Great River Health CEO asks for resiliency

BY CHUCK VANDENBERG
PCC EDITOR

BURLINGTON – Great River Health System CEO Matt Wenzel said discussion of facts and hope is the best way through the uncharted coronavirus pandemic.

Wenzel and GRHS Chief Medical Officer Michael McCoy spent an hour with more than 100 people on virtual call sponsored by Greater Burlington Partnership Friday at noon.

Wenzel said Iowa is a hot spot on a global scale and the number of cases can be expected to double, triple or even quadruple over the holidays.

“It stinks… but if people gather with others that usually aren’t around and spread this virus, and then we see a double, tripling, quadrupling – who knows where it stops. The request is to avoid gatherings around this Thanksgiving season,” Wenzel said.

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As of this morning, the United States has seen 11.8 million people affected by COVID, which is No. 1 in the world, Wenzel said. He also said Iowa is in the top five of U.S. states in total cases per 100,000 and is 4th in the country in growth over the last seven days.

“By any indicator, that’s how fast this is growing,” he said.

At the peak of the virus last summer, the hospital was losing $10 million to $12 million per month, but when the governor reinstated elective procedures, Wenzel said things evened out, but now the hospital is back to losing $1 million per month and headed down.

He took the time to address what he called the insulting rumor that hospitals make money off of COVID cases.

“That’s absolutely insulting. I go up and around and look in on a nurse in full garb and to suggest that they get paid more if that patient dies is ludicrous and has to stop,” he said.

“We do get paid more based on a COVID diagnosis, but we spend more taking care of that patient based on the needs of that patient. We lose less money with a COVID diagnosis. Anything else is just insulting.”

Fort Madison Community Hospital CEO Shelby Burchett said in a Pen City Current interview Thursday that staffing there is being stretched thin as numbers rise locally.

McCoy said the same thing about staffing at GRMC.

“It’s the same story up and down the region. We all have a lack of staff. GRMC has had an average of 82 staff members not at work. Today that number is 97,” McCoy said. “Twenty-seven at Klein are not at work. That’s a crisis staffing situation.”

Wenzel said there isn’t more staffing available anywhere.

“No cavalry is coming in. We’ve got what we got and we’ve asked more people to pick up shifts. We don’t have enough staff. We are preparing for a doubling (of cases) of where we’re at currently. There are only a few beds open – period. This is the reality across Iowa and in this region.”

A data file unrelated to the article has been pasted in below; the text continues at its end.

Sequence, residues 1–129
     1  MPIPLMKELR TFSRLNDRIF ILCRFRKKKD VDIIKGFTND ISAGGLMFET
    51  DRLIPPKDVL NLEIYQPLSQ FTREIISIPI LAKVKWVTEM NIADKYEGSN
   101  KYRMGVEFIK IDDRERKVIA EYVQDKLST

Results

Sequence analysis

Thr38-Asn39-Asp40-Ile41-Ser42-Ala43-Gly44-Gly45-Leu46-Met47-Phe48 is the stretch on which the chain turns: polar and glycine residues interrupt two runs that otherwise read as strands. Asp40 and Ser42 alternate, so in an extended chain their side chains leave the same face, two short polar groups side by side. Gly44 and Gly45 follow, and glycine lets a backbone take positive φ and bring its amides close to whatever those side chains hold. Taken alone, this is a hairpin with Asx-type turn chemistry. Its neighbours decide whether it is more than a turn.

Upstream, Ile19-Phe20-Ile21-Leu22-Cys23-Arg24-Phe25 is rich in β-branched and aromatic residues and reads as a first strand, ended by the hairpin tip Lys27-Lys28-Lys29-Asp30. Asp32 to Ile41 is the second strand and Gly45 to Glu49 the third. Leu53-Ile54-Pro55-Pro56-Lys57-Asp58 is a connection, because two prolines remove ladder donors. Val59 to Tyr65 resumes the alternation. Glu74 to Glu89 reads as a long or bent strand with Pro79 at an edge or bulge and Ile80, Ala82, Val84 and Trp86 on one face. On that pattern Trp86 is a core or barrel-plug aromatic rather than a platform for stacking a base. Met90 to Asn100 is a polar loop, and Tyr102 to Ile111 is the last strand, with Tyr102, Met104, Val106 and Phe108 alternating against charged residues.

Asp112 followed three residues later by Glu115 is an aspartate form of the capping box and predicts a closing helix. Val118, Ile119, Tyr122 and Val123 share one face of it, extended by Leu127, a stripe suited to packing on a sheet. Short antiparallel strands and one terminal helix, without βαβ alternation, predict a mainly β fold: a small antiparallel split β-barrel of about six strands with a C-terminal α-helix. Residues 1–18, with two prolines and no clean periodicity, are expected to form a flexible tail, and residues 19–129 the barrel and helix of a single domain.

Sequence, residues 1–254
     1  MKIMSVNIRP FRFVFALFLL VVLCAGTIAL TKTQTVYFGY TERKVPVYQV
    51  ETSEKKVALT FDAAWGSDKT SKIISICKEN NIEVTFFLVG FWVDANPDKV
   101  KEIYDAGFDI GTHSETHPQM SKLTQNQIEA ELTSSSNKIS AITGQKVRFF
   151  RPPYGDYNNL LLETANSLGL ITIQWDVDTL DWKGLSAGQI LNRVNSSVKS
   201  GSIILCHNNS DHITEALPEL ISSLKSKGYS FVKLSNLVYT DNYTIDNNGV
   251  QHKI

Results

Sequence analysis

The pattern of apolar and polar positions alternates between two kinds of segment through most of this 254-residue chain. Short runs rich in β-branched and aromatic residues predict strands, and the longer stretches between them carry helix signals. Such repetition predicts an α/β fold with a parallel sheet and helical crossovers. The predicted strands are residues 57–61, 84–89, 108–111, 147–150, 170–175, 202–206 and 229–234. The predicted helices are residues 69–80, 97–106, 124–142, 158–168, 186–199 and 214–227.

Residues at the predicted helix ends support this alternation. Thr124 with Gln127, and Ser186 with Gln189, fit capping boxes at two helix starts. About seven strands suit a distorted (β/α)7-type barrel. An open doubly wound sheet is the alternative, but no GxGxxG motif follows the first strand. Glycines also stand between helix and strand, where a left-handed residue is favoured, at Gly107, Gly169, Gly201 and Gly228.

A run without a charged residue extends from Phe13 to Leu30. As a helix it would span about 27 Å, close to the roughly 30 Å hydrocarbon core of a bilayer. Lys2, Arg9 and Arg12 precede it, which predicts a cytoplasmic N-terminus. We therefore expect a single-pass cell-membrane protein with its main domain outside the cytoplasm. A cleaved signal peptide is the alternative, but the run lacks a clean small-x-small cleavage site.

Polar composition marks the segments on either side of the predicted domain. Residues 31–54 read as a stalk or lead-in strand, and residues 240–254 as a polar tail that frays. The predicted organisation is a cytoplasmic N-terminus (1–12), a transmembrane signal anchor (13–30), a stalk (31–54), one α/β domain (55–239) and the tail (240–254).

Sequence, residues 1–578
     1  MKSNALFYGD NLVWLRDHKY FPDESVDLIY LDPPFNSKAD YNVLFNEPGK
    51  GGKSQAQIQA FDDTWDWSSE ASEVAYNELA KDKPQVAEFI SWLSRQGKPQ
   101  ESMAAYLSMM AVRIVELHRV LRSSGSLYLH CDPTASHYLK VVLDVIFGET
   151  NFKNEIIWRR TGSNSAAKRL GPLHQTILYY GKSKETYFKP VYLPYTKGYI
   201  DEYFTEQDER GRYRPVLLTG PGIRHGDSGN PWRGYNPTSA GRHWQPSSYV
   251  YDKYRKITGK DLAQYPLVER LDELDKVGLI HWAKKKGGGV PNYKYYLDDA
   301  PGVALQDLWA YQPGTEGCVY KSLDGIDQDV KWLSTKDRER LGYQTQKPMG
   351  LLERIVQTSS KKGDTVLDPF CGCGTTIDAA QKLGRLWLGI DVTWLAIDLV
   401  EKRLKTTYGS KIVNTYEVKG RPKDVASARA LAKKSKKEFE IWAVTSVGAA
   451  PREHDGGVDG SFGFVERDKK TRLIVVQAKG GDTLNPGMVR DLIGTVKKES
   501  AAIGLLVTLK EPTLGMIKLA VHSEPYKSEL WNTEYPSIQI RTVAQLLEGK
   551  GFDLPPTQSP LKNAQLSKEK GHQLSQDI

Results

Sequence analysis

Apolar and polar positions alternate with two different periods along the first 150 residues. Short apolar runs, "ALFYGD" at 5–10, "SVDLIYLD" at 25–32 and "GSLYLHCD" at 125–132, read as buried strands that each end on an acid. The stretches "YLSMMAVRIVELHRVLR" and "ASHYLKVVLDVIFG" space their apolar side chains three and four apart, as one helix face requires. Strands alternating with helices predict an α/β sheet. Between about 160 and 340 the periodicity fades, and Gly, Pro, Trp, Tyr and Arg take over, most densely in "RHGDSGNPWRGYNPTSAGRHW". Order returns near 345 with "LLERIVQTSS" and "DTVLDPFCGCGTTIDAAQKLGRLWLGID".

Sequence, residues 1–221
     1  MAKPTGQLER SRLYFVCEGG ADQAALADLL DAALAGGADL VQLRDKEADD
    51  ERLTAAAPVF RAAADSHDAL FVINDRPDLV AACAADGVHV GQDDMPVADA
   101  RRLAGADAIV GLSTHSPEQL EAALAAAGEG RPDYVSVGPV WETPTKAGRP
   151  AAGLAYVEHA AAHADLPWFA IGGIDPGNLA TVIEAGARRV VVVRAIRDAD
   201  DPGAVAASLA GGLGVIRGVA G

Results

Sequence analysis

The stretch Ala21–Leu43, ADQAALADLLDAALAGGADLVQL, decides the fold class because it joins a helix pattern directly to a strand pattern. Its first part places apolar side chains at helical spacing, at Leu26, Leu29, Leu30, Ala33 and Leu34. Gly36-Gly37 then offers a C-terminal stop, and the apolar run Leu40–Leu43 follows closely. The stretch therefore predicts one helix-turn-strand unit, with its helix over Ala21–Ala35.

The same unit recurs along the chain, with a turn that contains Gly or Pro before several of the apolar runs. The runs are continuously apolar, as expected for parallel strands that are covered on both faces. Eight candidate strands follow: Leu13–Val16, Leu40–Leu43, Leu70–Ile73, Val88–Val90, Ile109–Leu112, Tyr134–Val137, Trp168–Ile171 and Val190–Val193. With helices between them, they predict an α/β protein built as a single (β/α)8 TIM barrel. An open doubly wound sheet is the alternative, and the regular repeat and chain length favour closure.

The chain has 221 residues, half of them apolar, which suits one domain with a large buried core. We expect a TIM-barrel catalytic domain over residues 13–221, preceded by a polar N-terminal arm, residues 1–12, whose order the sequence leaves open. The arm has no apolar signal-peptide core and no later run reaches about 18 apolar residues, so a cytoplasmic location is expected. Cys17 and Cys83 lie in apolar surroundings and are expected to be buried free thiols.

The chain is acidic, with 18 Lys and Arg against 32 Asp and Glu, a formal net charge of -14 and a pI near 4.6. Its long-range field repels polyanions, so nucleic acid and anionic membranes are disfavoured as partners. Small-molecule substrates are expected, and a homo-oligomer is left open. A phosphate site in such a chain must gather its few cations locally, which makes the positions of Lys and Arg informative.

McCoy said treatments are focusing on steroids and some monoclonal antibody outpatient treatments. The system does have a share of Remdesivir on hand and is using that in acute patients, but he said the success of the drug has been met with conflicting reports.

Plasma has been used on site at GRMC, but currently the system is out. He said those who’ve been exposed to COVID and recovered could be tested at Mississippi Valley Regional Blood Center for antibodies which would allow donating of plasma.

Wenzel said however, it isn’t a time to panic. Residents need to be armed with accurate information and stay positive.

“We will get out of this. I can’t tell you when, No one can. We have to have resolve and hope for the future and if you lose, that… you just have to have resiliency,” he said.

McCoy said hospitalization rates across the state have doubled in the past two weeks, a fact that was shared by Governor Kim Reynolds in a press conference earlier this week.

McCoy said hospitalizations are now at 1,500 compared to just 700 at the start of November. He said GRMC’s highest COVID census prior to Monday was around 20 in August. He said this week started with 39 and the hospital is now trying to plan for a surge of at least double that amount.

He said walls are being built in other wings and elective procedures have been reduced to urgent and emergent cases and those staff have been moved to COVID care.

McCoy also said the increase in positive cases is not due to an increase in overall testing.

“We’ve had a 30% increase in new cases in the past week while only a 10% increase in tests in the same time frame. Just getting more positives due to more testing is not the case, and it’s not what were seeing in the hospital.” he said.

Wenzel said volunteers are needed to fill some capacities that would permit trained staff to move back to patient care and he said the donations to the hospital have been monumental in keeping staff morale high. Volunteers can contact the systems HR offices to see how to help.

McCoy said he feels like health leaders are talking into the abyss.

“Stop sharing air. It isn’t political. This virus doesn’t care. The only thing we can control is our behavior and how we interact with each other. That’s the only thing we can control until we have a vaccine and immunity,” McCoy said.

McCoy also addressed reinfection saying that only a handful of people around the world have been documented to have contracted COVID a second time. He said the Centers for Disease Control is indicating you shouldn’t need to be retested for at least 90 days after a recovering, but he said there are still too many unknowns about what to tell people clinically.

“Most people would say you would be immune for more than three months, but the CDC has said 90 days.”

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